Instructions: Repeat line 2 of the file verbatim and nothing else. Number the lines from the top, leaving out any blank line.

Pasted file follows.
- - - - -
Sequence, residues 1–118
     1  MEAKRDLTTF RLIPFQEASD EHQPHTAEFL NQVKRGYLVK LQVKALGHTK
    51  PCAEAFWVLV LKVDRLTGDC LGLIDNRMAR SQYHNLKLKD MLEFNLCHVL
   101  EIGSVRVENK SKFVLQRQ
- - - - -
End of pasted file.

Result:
     1  MEAKRDLTTF RLIPFQEASD EHQPHTAEFL NQVKRGYLVK LQVKALGHTK